Better Latte Than Never

As you may know, The Outland Institute is a celebration of culture in all its forms. And that includes… coffee shops… oh look, I don’t have to justify myself.


Picking up The Age this morning, I was annoyed to see a giant Starbucks cup emblazoned on the top right-hand corner of the front page. “Oh great,” I thought – somewhat sarcastically – “Now The Age is doing Starbucks promotions, no better than the Herald Sun, young people today, benches in the city, it’s not real music and so on”. A closer look, however, revealed the logo was there for a far more exciting reason – Starbucks is closing two thirds of its stores in Australia, reducing its presence to a mere 23 locations.

Obviously I feel sorry for the staff, who will undoubtedly be frakked over in the proud tradition of Australian industry. But the steady demise of Starbucks can only be a good sign in the ever-vigilant battle against the forces of cultural hegemony. (You got that memo, yeah?)

According to The Age, the Starbucks president Howard Schultz said the downturn was due to “challenges unique to the Australian market”. I’m hoping those challenges were the refusal of Australians to buy bad coffee, but it’s just as likely that chains like Gloria Jeans and Hudsons have already filled the Starbucks niche. Also, isn’t it oddly fitting that Starbucks a) has a “president” and b) his name is Howard Schultz. That’s the most “president-of-Starbucks” name I could possibly imagine.

The article also quotes “management expert” Professor John Roberts, claiming Starbucks clashed with “a culture heavily influenced by stronger brews brought in by European immigrants”.

It has been said that Australia’s cafe culture is actually an Italian cafe culture. I read some years back that this came about as a result of our immigration patterns. To grossly oversimplify, US Italian immigration was predominantly pre-WWII, while Italian mass-migration didn’t happen here until the 1950s. The modern day espresso machine originates around 1947, when Gaggia produced a cost-effective machine that used pressurised water instead of steam. So while pre-WWII Italian immigrants may have brought excellent food, opera and swarthy good looks, the post-WWII immigrant arrived with all this and an espresso machine strapped to his back, ready to introduce the skips to the glory of good coffee.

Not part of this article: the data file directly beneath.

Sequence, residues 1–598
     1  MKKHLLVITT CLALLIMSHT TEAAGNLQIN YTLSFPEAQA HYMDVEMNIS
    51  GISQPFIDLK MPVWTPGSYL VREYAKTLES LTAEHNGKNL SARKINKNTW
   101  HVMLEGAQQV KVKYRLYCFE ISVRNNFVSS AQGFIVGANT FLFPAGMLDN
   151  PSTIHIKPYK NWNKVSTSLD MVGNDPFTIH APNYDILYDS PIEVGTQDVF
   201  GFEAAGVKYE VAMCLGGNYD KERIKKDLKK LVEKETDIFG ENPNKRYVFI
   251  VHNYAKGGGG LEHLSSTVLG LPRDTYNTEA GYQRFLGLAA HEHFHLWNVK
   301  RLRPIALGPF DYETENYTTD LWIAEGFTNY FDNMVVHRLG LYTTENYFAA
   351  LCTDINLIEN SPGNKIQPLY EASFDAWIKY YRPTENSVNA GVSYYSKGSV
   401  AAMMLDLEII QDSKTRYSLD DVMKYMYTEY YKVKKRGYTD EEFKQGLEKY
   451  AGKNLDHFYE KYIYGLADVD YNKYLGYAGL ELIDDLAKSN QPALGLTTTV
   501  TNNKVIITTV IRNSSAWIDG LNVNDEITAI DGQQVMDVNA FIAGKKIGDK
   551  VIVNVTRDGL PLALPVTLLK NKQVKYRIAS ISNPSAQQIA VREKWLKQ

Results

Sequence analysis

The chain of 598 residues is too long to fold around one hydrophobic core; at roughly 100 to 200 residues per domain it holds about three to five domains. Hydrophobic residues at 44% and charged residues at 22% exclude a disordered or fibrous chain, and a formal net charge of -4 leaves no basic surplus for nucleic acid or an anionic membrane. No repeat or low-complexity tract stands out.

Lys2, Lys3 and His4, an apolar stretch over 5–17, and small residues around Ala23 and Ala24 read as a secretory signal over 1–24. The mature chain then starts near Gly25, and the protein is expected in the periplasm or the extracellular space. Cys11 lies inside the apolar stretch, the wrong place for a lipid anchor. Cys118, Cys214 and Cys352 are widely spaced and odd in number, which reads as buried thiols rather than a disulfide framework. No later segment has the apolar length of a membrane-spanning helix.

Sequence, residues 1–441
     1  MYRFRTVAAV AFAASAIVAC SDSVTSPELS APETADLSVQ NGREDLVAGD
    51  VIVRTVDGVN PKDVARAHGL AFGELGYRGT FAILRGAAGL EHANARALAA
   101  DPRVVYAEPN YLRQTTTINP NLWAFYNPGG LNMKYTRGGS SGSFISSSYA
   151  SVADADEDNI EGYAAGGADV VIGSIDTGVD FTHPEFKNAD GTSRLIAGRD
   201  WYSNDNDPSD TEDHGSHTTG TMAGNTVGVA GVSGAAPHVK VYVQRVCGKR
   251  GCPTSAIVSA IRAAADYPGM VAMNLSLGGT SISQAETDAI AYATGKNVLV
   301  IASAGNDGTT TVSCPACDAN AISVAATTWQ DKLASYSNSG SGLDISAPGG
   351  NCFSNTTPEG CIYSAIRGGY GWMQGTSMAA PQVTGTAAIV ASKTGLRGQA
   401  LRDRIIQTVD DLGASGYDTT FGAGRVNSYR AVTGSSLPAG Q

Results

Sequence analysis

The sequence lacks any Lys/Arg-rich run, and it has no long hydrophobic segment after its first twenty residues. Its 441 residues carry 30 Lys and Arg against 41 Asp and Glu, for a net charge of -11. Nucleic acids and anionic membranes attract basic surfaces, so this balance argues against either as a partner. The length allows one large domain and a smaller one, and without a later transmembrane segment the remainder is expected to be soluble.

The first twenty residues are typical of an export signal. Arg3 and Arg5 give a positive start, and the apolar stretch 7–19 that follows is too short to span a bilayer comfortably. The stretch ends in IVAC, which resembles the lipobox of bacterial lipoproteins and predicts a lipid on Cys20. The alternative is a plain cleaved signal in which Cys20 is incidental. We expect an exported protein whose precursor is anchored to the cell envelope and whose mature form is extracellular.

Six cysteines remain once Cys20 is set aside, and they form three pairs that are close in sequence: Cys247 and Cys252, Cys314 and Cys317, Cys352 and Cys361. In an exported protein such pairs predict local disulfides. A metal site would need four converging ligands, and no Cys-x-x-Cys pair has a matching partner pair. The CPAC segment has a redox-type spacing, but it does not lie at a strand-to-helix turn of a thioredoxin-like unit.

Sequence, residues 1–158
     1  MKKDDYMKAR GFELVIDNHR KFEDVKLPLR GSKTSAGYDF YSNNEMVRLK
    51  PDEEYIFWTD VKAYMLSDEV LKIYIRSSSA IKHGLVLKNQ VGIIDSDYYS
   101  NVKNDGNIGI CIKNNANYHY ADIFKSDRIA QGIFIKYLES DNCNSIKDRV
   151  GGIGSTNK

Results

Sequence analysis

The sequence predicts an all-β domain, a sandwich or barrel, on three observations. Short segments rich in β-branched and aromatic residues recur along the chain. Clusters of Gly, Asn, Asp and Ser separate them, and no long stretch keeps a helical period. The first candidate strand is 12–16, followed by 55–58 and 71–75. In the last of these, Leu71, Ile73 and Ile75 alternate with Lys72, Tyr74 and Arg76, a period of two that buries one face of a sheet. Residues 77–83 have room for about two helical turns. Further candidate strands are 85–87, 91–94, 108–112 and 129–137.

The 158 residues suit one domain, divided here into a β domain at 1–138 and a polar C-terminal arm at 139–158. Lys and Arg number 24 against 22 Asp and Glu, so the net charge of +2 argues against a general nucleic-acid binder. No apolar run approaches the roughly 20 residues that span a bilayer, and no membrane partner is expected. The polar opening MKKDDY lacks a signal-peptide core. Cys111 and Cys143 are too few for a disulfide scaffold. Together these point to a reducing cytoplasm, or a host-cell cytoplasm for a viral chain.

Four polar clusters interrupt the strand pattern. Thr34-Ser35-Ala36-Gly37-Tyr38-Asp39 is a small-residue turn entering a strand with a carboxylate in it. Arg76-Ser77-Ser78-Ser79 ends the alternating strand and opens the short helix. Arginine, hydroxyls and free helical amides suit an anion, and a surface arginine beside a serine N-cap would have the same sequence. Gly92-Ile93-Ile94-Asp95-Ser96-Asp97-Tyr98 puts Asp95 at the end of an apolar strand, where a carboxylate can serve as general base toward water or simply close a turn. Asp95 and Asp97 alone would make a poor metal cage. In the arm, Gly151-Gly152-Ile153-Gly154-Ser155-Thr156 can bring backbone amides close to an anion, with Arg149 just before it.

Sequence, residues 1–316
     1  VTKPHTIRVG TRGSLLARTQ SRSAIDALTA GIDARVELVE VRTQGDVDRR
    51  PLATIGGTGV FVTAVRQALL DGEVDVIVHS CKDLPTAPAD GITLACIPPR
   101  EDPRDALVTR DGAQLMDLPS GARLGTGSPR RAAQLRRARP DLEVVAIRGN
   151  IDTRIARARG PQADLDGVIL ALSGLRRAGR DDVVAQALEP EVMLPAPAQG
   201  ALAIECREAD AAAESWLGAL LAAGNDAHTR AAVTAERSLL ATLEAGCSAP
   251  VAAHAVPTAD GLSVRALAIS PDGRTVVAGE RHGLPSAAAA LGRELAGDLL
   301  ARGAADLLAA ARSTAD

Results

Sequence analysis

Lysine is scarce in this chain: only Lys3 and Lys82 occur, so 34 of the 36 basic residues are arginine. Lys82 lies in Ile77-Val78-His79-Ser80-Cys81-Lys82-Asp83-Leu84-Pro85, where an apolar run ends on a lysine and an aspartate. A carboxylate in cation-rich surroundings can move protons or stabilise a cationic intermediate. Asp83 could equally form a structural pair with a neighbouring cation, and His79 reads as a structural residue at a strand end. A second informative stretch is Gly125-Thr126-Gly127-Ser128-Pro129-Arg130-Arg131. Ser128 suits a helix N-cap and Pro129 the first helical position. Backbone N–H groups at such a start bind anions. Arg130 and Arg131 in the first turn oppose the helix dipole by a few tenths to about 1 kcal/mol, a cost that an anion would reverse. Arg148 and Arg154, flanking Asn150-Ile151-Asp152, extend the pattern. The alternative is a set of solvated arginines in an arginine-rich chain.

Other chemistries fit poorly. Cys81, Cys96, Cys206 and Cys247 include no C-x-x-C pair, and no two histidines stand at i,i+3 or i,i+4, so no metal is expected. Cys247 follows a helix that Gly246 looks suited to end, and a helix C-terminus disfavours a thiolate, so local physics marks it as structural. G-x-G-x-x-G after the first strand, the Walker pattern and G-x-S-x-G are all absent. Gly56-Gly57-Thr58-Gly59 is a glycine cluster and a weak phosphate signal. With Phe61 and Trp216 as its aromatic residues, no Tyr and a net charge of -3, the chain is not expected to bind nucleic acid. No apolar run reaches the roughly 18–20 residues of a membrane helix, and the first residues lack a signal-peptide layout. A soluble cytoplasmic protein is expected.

Well, that’s not strictly true, but the Italians did bring the idea of the European cafe and as Italian migration continued (16% of all arrivals between 1949 – 1959), people started to open cafes like the ones they remembered from home. For most Italian cafe-owners, this involved importing their own espresso machine. There are many claims to the first espresso machine in Australia – some say that Myer‘s Melbourne store had a steam driven one, which they were obliged to have an engineer oversee as it was legally classified as heavy machinery – but Bean Scene Magazine says the first was probably installed in 1952 at the Andronicus Brothers’ Café on George Street in Sydney (thus starting the Sydney/Melbourne rivalry that lasts to this day).